Gold bullion, explosives and secret missions sound like the contents of a James Bond film but they actually star in a local story - that of the sinking of the RMS Niagara.
Lying on the seabed east of Bream Head, Whangarei, lies the wreck of the RMS (Royal Mail Ship) Niagara. Its hulking remains serve as a reminder of how World War II touched New Zealand.
During the 1930s and 40s, much like today, Northland's east coast attracted luxury trans-Tasman liners.
Steam ships such as the SS Nga Puhi and the RMS Niagara would cruise up the coast between Auckland and Whangarei hosting on-board games, parties, fine dining, and offshore sojourns for picnics and sight-seeing before heading into international waters.
Among dinner menus, cutlery and ornaments from the Niagara in Whangarei Museum's Collections, is a delicate paper gala decoration with the name RMS Niagara printed in glitter, a small but bright spark of evidence of one of the many on board parties.
Also on display, kindly loaned by the Reynolds family, are various pieces of special Royal Mail Line silverware, including a silver serving dish cover with a detachable filigree handle, evidence of the quality dining experience of the 1930s first class passengers.
A chamber pot, on loan from Keith Gordon and still encrusted with marine concretions, is another but less glamorous sign of the times.
The RMS Niagara was known as the "Queen of the Pacific" due to her size (13,415 tons) and speed at transporting mail and passengers between New Zealand, Fiji and Canada.
Built in 1912, the Niagara was originally nicknamed "Titanic of the Pacific", a name that was quickly discarded following the Titanic's disastrous sinking. During the second year of World War II, the German trader Orion snuck across the South Pacific to lay 228 mines along New Zealand's east coast towards the Hauraki Gulf.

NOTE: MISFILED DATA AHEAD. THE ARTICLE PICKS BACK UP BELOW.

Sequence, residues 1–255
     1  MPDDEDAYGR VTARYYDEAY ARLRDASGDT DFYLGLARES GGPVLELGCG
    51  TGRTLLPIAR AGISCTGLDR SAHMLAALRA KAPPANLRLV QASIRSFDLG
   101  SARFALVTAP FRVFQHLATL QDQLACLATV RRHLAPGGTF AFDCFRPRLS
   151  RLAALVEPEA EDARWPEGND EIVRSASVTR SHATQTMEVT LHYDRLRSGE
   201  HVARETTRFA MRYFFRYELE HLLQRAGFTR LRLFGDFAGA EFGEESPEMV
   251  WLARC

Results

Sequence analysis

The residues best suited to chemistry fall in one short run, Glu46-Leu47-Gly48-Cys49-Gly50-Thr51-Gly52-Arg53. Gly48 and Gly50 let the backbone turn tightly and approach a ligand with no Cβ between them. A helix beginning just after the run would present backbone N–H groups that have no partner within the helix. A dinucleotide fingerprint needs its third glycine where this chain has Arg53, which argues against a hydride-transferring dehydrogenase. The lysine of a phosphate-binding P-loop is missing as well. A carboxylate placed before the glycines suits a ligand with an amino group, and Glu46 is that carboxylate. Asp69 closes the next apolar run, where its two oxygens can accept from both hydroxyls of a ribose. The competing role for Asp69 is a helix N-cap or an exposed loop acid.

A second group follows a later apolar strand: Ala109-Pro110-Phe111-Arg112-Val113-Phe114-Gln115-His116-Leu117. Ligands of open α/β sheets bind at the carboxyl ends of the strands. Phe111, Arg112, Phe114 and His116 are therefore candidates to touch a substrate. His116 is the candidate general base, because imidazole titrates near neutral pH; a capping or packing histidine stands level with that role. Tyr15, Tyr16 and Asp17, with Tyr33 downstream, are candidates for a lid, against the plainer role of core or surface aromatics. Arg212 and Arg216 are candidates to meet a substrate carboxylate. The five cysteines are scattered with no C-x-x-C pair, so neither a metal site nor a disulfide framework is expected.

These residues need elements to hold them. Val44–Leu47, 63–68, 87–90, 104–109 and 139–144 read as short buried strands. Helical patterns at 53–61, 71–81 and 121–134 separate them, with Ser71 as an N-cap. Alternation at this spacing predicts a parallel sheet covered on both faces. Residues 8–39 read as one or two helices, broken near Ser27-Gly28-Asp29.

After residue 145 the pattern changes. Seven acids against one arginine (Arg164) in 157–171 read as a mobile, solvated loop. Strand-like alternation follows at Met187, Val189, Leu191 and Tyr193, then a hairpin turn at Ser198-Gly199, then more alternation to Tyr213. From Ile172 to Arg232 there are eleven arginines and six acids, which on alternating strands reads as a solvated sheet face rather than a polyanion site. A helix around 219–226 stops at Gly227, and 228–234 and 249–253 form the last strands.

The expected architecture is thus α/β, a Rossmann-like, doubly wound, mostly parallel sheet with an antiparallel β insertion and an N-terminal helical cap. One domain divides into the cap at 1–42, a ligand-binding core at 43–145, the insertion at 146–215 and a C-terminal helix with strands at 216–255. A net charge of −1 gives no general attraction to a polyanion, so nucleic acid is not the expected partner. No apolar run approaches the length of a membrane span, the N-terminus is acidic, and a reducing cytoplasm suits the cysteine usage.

Six days later, the passengers of the Niagara, fresh from shopping and goodbyes in Auckland, were violently woken at 3.45am on June 19, 1940 by calls to abandon ship via the lifeboats, leaving all belongings and treasures behind.
One of these very lifeboats, named the Iris, now sits on the heritage park grounds at Kiwi North after an eventful life firstly on the Niagara, then with four different owners, including the Ward family who donated her to Whangarei Museum.
The first thought of victim and rescuers alike were to get everybody safe and warm either in Whangarei for the remainder of the morning or a disappointing trip straight back to family or hotels in Auckland. While ships from Auckland, the Achilles, the Kapiti, the Wanganella, and RNZAF Vilderbeest bomber planes, did play an important part in the rescue, it was Whangarei locals who were crucial to the immediate rescue effort.
Thankfully no lives were lost, despite the ship sinking very quickly, but little did they know that down with it went 590 gold ingots held in the strong room that had been destined to support the British war effort.
While nearly all of the ingots have been recovered and returned to the Bank of England, Whangarei Museum currently has on loan two metal seals that originally encased the gold ingots.
The story of their recovery over the years following the sinking is another epic tale, one that will be shared in next week's Readers Page.
■ Georgia Kerby is exhibitions curator, Whangarei Museum at Kiwi North.